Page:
However, it is only one of many pressing large-scale infrastructure projects already stretching the government’s capacity and finances.
Another factor slowing down the growth of air traffic is the long outstanding liberalisation of African skies set out in the 1999 Yamoussoukro Declaration.
A recent study outlining the economic benefits of the agreement suggests that lifting current restrictions between 12 countries could generate 4.9 million new passengers per year.
While Ethiopia has been relatively quick in liberalising its airspace, it remains protective of other parts of the economy, most notably the financial sector.
This has made some foreign investors wary of pumping their money into big tourism projects. Moreover, the underdeveloped banking system has hampered broad-based, local investments in tourism.
Recognising this, the government now wants to provide incentives to tourism entrepreneurs, foreign and local alike.
Solomon Tadesse, chief executive of the newly established Ethiopian Tourism Organisation, says that investors from the Gulf and the United States “have shown great interest” in hospitality projects, although few discussions have been converted to actual deals.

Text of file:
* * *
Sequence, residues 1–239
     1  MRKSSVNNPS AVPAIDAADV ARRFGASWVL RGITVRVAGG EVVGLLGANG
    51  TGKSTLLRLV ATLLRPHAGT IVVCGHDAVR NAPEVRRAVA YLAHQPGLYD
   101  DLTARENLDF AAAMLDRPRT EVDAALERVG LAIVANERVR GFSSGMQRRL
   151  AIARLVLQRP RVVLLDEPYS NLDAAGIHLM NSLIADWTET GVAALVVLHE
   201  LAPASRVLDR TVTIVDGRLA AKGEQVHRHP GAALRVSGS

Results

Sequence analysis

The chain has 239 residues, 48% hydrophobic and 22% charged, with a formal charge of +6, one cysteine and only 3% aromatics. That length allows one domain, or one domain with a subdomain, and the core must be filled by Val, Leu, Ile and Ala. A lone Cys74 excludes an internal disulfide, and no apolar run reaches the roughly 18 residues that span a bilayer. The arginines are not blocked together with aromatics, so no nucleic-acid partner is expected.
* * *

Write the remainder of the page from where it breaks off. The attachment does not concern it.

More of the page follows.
The government also plans to offer better access to financing to Ethiopians keen on building hotels outside of Addis Ababa.
But capital is only one part of the equation.
Tadesse says that “raising the capacity and the standard of the offering” is another challenge of the nascent sector.
This could thwart Ethiopia’s ability to lure less adventurous travellers as well as long-haul passengers away from competitors such as Emirates.
Belete, however, argues that it is just a matter of time.
His new project features a pan-African themed hotel with 54 presidential suites, each to be decorated by a different African leader according to their traditional style.
The hospitality magnate says he will replicate the concept in other African capitals.
“People are asking for African service and hospitality. We usually import concepts, but we never export. I want to be the first one to do that,” he says.
With the necessary financing, quality and proper execution, that may just be possible.